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Doctor Zhivago (1965)


Doctor Zhivago

For some people, David Lean’s name is synonymous with over-direction, but in Doctor Zhivago, as in Lawrence of Arabia, Lean had a theme and canvas to match his epic style. Boris Pasternak’s novel was one of the best novels of the 20th century, and probably the best anti-communist novel ever written. The book is not a political novel so much as a romance — but the doomed romance of Zhivago and Lara is a damning comment on an ideology and regime that robbed its people of their private lives and passions.

In Lean’s hands, the book is transformed into a sprawling epic and a lot of the subtlety is removed — but despite all the lurid images and overdramatic camera work, the result is not as overwrought as one might have expected. After all, Russia is a big place, and communism is a big subject. Fortunately, the screenwriters of yesterday were not as heavy-handed as today’s, and often the dialogue is nearly as rich as the costumes and settings.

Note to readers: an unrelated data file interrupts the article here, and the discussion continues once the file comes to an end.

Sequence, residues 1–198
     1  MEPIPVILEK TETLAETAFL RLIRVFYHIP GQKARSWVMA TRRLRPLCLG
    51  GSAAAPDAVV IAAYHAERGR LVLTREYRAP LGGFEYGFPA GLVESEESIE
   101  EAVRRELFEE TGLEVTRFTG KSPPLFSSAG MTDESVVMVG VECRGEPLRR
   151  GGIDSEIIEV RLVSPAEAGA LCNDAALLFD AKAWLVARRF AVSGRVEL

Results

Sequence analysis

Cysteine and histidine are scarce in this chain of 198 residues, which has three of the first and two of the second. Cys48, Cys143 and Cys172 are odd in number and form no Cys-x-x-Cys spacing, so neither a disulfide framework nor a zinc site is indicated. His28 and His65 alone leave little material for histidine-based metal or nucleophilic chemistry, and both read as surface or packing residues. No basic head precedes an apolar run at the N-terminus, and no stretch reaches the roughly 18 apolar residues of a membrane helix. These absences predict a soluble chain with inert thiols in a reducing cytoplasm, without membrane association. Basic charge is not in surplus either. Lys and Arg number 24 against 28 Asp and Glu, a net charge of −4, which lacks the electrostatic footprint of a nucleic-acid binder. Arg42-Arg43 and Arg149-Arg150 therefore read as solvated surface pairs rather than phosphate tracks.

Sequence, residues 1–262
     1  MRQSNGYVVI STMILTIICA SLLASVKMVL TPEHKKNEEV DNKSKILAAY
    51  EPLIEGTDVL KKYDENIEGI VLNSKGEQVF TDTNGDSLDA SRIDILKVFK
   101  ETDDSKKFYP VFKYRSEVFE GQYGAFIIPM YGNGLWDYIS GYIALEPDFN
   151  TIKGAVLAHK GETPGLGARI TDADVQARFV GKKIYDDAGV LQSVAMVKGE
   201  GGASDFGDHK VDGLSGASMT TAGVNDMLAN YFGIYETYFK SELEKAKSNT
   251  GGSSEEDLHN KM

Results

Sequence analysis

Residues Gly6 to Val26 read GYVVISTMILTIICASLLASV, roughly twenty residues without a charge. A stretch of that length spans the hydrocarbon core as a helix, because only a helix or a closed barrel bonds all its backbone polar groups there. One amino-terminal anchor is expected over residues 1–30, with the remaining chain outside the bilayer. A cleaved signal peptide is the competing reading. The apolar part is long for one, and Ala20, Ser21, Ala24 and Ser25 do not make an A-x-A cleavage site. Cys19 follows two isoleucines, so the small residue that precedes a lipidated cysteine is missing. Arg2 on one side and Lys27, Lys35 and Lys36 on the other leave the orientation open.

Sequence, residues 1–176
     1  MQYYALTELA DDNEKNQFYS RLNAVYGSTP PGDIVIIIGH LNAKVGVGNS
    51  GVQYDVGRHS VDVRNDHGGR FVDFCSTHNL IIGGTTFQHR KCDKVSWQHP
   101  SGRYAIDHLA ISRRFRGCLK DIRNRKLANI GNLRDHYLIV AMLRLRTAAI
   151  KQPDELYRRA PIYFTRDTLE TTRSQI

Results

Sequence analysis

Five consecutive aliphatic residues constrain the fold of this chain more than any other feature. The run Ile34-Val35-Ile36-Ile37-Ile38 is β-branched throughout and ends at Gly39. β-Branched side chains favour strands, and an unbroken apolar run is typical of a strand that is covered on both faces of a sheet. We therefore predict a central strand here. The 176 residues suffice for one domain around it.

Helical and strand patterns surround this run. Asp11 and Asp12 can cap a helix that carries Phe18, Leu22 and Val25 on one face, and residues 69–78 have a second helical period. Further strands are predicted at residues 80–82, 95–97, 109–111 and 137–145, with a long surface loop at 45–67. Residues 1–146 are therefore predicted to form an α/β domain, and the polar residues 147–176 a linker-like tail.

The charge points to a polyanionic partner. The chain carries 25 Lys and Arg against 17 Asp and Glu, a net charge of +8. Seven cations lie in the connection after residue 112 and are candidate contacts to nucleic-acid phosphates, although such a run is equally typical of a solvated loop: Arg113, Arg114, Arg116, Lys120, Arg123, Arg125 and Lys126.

This movie was probably a model for the Merchant-Ivory genre, but you can’t blame it for that. The film can be faulted for its moments of sentimentality — but there is nothing sentimental about the ending, when Zhivago and Lara are long dead and their daughter is accidentally rediscovered, and her identity restored, at a Siberian power plant. In its own way, this movie is as powerful a political statement as anything in mainstream cinema.

The multi-disc DVD release is appropriately grand for a film of this stature, including commentary from Sharif, Steiger, and David Lean’s widow, nearly a dozen documentaries old and new, and a music-only track that lets you savor Maurice Jarre’s moving score (if controversial during its creation). Highly recommended for fans and casual moviegoers.

Read me a bedtime story, mommy!